Troutman is an Internet "Old Timer." His first online experiences involved a paper TTY with a 300 bps acoustic coupler modem in 1982. A user of the Internet and UNIX since 1987, he has been tasked with building and running Internet infrastructure off and on since the early '90s. He has held a wide variety of senior roles at various regional ISPs, telcos, and cable companies, as well as founding a few of them. He is most often found roaming the countryside as a freelance consultant, solving problems for a wide variety of organizations, with a focus on Internet infrastructure and broadband. His volunteer activities include Director of the regional Internet Exchange for Maine and Northern New England (NNENIX.NET), board member for the Maine Technology Users Group (MTUG.ORG), and Director of Operations for the Skytalks Village at DEF CON (Skytalks.info and defcon.org).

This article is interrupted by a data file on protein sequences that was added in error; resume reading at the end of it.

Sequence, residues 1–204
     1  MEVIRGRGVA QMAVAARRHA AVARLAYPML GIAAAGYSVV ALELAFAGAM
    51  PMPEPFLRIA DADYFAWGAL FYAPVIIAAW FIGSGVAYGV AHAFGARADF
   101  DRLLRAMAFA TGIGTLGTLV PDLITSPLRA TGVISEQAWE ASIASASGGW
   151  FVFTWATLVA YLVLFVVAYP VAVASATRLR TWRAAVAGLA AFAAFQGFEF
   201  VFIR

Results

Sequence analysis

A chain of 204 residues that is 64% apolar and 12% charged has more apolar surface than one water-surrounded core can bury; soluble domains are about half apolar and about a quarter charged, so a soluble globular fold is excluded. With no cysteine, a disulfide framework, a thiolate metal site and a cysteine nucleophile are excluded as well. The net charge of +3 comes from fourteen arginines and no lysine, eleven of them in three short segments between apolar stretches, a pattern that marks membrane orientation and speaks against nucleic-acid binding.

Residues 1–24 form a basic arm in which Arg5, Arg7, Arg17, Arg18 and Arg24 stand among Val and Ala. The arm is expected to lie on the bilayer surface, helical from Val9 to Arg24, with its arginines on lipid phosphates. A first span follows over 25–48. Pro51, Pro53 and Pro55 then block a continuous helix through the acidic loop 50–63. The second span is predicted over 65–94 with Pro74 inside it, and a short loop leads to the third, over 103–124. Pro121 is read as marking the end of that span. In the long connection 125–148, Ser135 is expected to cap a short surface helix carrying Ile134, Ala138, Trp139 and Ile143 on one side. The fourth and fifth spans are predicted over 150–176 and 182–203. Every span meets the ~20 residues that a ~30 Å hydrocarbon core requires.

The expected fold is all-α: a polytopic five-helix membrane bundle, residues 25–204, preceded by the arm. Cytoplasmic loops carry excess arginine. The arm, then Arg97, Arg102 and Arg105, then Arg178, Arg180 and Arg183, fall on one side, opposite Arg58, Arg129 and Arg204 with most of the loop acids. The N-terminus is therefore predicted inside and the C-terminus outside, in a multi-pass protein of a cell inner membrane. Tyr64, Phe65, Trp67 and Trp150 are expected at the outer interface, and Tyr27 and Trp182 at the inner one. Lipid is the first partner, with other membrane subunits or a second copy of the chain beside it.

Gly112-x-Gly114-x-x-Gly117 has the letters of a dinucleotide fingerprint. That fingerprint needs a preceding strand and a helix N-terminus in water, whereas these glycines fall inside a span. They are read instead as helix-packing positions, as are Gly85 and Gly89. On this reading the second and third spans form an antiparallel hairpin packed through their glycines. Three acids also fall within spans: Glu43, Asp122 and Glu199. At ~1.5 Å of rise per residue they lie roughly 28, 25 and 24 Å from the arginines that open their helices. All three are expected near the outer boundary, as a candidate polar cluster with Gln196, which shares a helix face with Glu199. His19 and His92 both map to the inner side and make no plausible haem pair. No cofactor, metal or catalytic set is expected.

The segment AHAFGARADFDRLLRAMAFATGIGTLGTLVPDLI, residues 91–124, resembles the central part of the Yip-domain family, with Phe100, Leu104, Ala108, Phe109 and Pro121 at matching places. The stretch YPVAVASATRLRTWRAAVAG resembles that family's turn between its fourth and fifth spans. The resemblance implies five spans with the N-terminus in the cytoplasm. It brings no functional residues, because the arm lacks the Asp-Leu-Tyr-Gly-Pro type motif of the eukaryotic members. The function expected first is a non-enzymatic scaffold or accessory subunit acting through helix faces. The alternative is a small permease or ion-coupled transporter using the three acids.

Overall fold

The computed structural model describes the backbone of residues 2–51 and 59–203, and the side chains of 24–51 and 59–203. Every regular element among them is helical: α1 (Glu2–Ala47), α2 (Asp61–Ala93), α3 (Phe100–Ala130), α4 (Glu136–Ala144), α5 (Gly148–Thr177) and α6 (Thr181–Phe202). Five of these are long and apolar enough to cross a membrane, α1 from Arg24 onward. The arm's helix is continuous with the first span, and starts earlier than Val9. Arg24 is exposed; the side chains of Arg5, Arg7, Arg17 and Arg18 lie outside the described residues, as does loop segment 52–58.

VPNs are Internet snake oil
Many information security professionals recommend VPN services to end-users, especially to protect against the dreaded man-in-the-middle attack on your local coffee shop's open Wi-Fi network. The commercial VPN vendors advertise heavily, making bold statements such as "we encrypt your network data so no one can see what you’re doing", "surf the web without a trace!", "avoid government eavesdropping", and assure you that "your web traffic can't be tracked anymore". These claims are all "snake oil", and attendees will watch them be debunked. The actual benefits and limitations of VPNs will be reviewed, and a discussion of the myriad ways that are used to surveil your online activities that go far beyond browser cookies . Some tactics to minimize and mitigate this online tracking will be discussed, as well as what it takes to be truly untraceable online.